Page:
A common occurrence in early pregnancy.
Although it’s not often spoken about, miscarriage is the most common complication of early pregnancy. Miscarriages usually occur within the first trimester, by week 12.
Several medical conditions are typically included under the term miscarriage, including abnormally growing pregnancies, pregnancies that previously had a heartbeat but no longer show cardiac activity, and otherwise normally developing pregnancies that somehow become disrupted before week 20. Stillbirth is the term used for pregnancies that end after week 20 but before delivery.
While studies have shown that the rate of first trimester miscarriage is between 10 and 20 percent of all pregnancies, it’s thought that the true rate is closer to 25 to 30 percent, if the rates included pregnancies not yet clinically detected.
It’s important to remember that despite suffering a miscarriage, most women will find they can have a full-term pregnancy.
Symptoms: The typical symptoms of miscarriage are cramping and vaginal bleeding, although some miscarriages don’t show any symptoms. These signs can sometimes be difficult to interpret because many women with mild cramping or light bleeding in their first trimester go on to have normal pregnancies.
To help clarify the underlying cause of these symptoms, your obstetrician may order blood tests to monitor pregnancy hormone levels along with an ultrasound scan. Even though light spotting or mild cramping can be normal, any severe abdominal or pelvic pain and heavy vaginal bleeding should always be evaluated by a physician. These symptoms may indicate a more serious condition called ectopic pregnancy, which can be life-threatening to the mother if untreated.
Causes: Many women experiencing a miscarriage are concerned whether something they did or consumed may have contributed to this outcome. Was it that glass of wine? That big cup of coffee? That heavy box she lifted before she found out she was pregnant?
There are many misconceptions about what can cause a miscarriage. For example, some people believe stress, exercise, working, intercourse or a history of prior birth control use caused the miscarriage. But none of these are associated with increased risk of miscarriage.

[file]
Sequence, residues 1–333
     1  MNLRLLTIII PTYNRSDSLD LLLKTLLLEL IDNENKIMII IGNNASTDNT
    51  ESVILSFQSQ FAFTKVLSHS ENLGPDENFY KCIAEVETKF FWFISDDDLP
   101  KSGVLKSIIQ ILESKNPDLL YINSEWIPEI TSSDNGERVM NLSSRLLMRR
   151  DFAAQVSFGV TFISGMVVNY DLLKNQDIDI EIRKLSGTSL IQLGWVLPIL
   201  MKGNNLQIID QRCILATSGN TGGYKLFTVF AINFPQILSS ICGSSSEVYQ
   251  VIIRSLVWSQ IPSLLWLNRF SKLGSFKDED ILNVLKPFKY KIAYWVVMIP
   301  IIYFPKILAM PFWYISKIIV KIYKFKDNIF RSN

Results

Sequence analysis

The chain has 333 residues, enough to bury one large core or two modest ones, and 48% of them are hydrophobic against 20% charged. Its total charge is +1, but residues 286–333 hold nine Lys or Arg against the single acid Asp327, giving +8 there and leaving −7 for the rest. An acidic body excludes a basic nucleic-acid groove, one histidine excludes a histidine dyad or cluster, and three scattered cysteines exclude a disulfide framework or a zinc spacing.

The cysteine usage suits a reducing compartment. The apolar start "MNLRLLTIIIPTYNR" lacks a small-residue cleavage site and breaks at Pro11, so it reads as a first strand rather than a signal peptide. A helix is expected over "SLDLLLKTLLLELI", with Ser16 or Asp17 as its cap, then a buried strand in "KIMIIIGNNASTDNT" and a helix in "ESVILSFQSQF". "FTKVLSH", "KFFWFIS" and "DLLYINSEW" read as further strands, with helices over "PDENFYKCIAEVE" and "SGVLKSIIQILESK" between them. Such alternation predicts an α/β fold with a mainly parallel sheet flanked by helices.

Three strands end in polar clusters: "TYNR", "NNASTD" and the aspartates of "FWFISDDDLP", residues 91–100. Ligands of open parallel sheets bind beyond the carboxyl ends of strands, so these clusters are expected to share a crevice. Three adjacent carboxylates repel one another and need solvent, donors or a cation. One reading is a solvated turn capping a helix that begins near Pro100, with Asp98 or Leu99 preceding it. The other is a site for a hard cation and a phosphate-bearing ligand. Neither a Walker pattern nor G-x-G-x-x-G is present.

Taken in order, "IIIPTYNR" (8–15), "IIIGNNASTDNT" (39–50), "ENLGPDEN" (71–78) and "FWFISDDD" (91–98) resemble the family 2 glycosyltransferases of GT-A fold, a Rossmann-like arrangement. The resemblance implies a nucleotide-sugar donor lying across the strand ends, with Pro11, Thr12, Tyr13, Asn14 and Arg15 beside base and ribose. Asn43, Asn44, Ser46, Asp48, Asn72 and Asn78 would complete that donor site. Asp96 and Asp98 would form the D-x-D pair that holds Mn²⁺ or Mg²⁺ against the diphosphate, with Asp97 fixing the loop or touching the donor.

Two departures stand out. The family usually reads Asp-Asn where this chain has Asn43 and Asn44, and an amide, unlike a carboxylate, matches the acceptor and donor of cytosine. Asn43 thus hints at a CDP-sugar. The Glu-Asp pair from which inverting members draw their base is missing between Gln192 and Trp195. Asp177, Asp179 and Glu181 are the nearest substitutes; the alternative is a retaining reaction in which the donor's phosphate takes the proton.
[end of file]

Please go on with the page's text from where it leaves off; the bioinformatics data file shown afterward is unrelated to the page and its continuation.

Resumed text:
The truth is that about 50 percent of miscarriages are thought to be caused by genetic abnormalities that happen at the time of fertilization. These are usually genetic problems that are considered lethal, or in other words, would prevent the fetus from surviving the pregnancy. Genetic abnormalities are more likely to be the cause of a miscarriage in early pregnancies and with mothers who conceive at an older age.
Other factors that have been shown to be associated with the risk of miscarriage are smoking, moderate-to-high alcohol consumption, and illicit drug use. Age, having prior miscarriages, and certain invasive prenatal tests (amniocentesis and chorionic villus sampling, (CVS)) are also associated with increased risk of miscarriage. Caffeine, although sometimes associated with miscarriage, has been found to be safe in low doses—meaning about one eight-ounce cup of coffee a day.
Things that can alter the shape of the uterine cavity also may cause an increase in miscarriage risk, such as uterine abnormalities (like a uterine septum or bicornuate uterus), scar tissue from previous uterine surgery, or uterine fibroids.